Sunday, October 16, 2016

Series: This Week's TV MVPs -- Week 44

Welcome back, friends, to another week of the TV MVP Series! I've been watching television critically for about five years now, and I can honestly say that I don't think there's been a season quite like this one during that time. There are so many incredible shows on television right now that it's hard for someone as television obsessed as me to keep up. Thank goodness for a reliable cable provider who has new network and cable television episodes available for free the next day. Whew.

As this television season continues to find its groove, we'll continue to celebrate some of the greatest performers each week! Melanie joins me this week to discuss some fantastic actors and actresses on the small screen. Enjoy!

Jenn's MVP: Abigail Spencer as Lucy Preston (Timeless)

Why she's the MVP: I'll be the first to admit when I'm wrong about a television show. And I was wrong about Timeless. Perhaps it was the promos, that looked a little bit cheesy. Or maybe it was just the fact that I'm beginning to get burnt out on shows about time travel, since every network on television this year has decided that they need to have one (it's the new fad, kids; vampires and zombies are out. Time travel is in!). So I delayed watching the pilot of the series until Hurricane Matthew hit a few weeks ago. And when I watched, I was more than just pleasantly surprised; I was excited. With so many shows about time travel, it's important that Timeless set itself apart from the others. What I know right away — and even more so after this week's episode — is that this NBC series will focus heavily on characters and their emotions.

Already, Abigail Spencer is killing it as Lucy Preston, a history professor who is recruited to travel through time with a ragtag team and stop a madman intent on changing history. No one knows and loves history more than Lucy, so while she is hesitant at first, she eventually agrees. In this week's episode, Spencer proved that she's going to be an incredible emotional force to be reckoned with. When the team travels back to the night of Abraham Lincoln's assassination, Lucy tries her hardest to detach her emotional reality to history. She tells Wyatt and Rufus that they cannot change or mess with timelines — they have no idea the ripple effect it could have. And even though they all want desperately to make the world better, Lucy reminds them that sometimes that doesn't mean changing the past so much as it means making their present better.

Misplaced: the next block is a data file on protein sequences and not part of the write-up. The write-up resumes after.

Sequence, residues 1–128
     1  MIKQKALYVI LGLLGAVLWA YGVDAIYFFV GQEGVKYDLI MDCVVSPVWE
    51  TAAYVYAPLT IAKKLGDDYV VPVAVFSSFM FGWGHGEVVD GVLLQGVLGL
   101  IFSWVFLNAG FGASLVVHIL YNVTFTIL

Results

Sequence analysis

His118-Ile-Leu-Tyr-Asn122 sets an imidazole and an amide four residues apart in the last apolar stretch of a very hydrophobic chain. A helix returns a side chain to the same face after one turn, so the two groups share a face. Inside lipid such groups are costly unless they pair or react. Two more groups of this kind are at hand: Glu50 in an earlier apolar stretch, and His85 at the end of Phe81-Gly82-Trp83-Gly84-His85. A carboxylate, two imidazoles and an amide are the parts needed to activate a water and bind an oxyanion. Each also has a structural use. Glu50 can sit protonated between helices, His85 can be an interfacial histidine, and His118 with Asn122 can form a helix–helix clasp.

But when Lincoln is assassinated in front of Lucy, she cannot help but be affected. She cannot help but realize that history is made up of real, human, hurting people. When she meets Lincoln's son, Robert Todd Lincoln, and makes a connection with him, it makes the fact that his father is killed all the more painful. Lucy thought she could talk about people in history like they were obscure figures and concepts. She's studied them like that — we all have. We all hear the stories and read the facts with some level of emotional detachment. But when Lucy watched history happen in front of her eyes, she couldn't help but be incredibly affected by it.

Spencer's performance in that moment was stunning. Lucy was vulnerable and relatable; someone whose reality was beginning to slowly dwell on her but also on us, the audience. I absolutely loved her performance and found myself tearing up as I watched her cry on the ship back home. It was a beautiful, raw moment and Abigail Spencer completely nailed it. I'm so excited to see her more as Lucy as the series unfolds.

Bonus MVP: Joshua Sasse as Xavier (No Tomorrow)

Guys, I loved Galavant. I really did. I wrote about it all last season, and I was crushed when it was cancelled. So when I saw that Joshua Sasse would be in a new show on The CW this season, I thought I would check it out. It looked like a really quirky comedy, and has liven up to that quirky potential. No Tomorrow is a show that focuses on the funny and the insane, but it also focuses on what makes each of us human. It examines our fears, our hopes, aspirations, and what we might do if we were finally "free." Sasse plays a character who is a far cry from his Galavant alter-ego, but in the best way possible. Xavier believes the world is going to end in a little over eight months. And since he believes that, he's choosing to live every day as if it was his last — because soon, it will be.